By James Barrat
In May 2013, when the science team of the Khaled Bin Sultan Living Oceans Foundation plunged into the waters surrounding Aitutaki in the Cook Islands, we discovered a reef in crises. Something had damaged between 80 and 99 percent of the island’s coral reef systems, but what? The telltale white skeletons of recently eaten branch coral pointed to the culprit – Acanthaster planci, or Crown of Thorns Starfish, named for its helmet of venomous spines. For reefs in the Pacific and Indian Oceans, only cyclones and bleaching events cause more destruction than the voracious Crown of Thorns.
Where other starfish have five arms, the Crown of Thorns Starfish, or COTS for short, have between fourteen and twenty one. They move fast for starfish – 20 meters an hour. Each night the nocturnal COTS can eat its own body area in coral, and they can grow up to a meter in diameter. That means on average one COTS can consume 13 square meters of reef per year. During population spikes, clusters of COTS eat living coral polyps faster than the coral can grow and reproduce. And the COTS menace is growing even worse. Once COTS ate only the fast-growing corals that thrive in shallow water. After a COTS outbreak, these coral can grow back in a few years. Now, Crown of Thorns Starfish also go after deeper, slower-growing corals, like the reef-building species, Porites. Once these corals are damaged, the reef’s recovery can take a century!
Outbreaks of Crown of Thorns Starfish
To fight the outbreak around Aitutaki, science divers from our research team collected 540 COTS from ten different sites, by hand. On the research vessel, M/Y Golden Shadow, Chief Scientist Andy Bruckner led the effort to measure the animals and put them in buckets of fresh water, where they died of suffocation. Bruckner used to deplore such tactics, believing that a “hands off” management style was best for reefs. Now he favours intervention when it redresses problems caused by humans.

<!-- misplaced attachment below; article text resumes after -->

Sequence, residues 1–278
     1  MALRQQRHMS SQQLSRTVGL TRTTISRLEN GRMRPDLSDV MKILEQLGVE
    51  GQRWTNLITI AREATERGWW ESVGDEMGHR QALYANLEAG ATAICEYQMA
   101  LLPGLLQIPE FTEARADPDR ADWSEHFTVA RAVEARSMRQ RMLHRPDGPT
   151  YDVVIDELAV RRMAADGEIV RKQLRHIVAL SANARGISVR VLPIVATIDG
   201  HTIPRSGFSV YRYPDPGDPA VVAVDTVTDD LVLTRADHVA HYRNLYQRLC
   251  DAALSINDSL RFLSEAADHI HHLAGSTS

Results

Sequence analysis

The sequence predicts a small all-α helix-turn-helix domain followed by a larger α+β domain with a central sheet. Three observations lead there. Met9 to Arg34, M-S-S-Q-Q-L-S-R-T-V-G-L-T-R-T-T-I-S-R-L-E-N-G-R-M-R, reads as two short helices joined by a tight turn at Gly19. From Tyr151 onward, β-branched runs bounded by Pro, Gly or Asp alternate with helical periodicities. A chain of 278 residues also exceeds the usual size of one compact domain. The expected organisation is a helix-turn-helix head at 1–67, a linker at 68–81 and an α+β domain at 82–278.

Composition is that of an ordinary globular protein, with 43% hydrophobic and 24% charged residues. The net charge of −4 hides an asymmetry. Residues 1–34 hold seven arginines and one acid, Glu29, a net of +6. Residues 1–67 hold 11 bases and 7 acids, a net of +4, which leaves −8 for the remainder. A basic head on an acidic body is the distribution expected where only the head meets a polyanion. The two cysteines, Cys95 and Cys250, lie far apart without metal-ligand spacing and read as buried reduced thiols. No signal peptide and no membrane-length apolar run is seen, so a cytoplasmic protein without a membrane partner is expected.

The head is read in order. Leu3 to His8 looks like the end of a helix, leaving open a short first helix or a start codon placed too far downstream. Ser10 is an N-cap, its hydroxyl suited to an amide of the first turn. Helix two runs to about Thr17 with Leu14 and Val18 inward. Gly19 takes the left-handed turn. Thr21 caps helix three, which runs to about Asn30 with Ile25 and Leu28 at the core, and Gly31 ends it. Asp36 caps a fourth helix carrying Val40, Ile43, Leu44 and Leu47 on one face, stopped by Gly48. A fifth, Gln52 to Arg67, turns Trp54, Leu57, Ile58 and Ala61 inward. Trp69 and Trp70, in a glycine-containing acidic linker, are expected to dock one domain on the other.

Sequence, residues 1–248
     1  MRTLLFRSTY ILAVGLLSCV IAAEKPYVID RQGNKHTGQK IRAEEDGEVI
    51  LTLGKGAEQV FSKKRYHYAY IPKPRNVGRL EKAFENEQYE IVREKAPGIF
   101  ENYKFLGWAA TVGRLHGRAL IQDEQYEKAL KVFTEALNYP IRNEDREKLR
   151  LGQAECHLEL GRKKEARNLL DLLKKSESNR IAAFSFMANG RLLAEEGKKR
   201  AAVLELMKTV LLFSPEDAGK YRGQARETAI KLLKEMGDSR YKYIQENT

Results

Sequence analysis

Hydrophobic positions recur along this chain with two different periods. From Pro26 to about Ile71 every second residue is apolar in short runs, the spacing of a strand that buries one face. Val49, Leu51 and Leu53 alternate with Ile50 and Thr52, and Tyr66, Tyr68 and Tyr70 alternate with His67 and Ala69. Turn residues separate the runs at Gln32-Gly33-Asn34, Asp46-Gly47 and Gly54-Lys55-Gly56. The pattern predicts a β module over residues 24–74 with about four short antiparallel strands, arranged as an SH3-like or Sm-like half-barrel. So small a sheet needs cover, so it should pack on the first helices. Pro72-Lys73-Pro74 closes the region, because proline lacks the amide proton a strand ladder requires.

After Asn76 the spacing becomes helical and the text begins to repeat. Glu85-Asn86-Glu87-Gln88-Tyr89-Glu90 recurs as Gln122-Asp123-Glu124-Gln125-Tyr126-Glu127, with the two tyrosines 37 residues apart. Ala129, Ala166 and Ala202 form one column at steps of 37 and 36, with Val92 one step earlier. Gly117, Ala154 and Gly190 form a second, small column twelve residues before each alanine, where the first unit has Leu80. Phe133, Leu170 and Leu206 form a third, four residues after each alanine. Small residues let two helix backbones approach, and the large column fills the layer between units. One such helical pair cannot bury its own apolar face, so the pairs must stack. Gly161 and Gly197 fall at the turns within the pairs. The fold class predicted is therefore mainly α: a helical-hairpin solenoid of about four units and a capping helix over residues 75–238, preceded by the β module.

“Sewage and agricultural runoff going into the oceans may increase the likelihood of COTS outbreaks,” said Bruckner. “They do that by feeding the plankton that in turn feed COTS larvae. More Crown of Thorns Starfish larvae survive to adulthood, eat more coral, and reproduce. It doesn’t help that COTS are the most fertile invertebrate in the world.”
Over harvesting COTS’ predators is another way humans contribute to outbreaks of Crown of Thorns Starfish. The trumpet triton, helmet snail, as well as wrasse, triggerfish, and puffer fish all help keep COTS populations in check. Fishermen overharvesting these animals leaves fewer of them around to eat any COTS living on the reef.
And once COTS are settled into a reef system, they’re hard to remove. After divers collect COTS on a reef, they usually have to search the reef again to prevent a secondary outbreak. When the Foundation trains local divers to manage COTS, we instruct them to remove the animals from the sea and bury them on land. That’s because breeding adults that are wounded or poisoned and left on the reef are likely to spawn. When local people help capture COTS they see the crises first-hand, and become committed COTS controllers. And that increases any reef’s chances for survival.
With its COTS crises under control, can Aututaki’s reef recover? Andy Bruckner thinks they can. “These reefs supported a variety of coral before the attack, and varied reef systems regenerate fastest. Even when starfish all but wipe out a reef, coral larvae can re-seed damaged areas. With good management, this reef can come back to life.”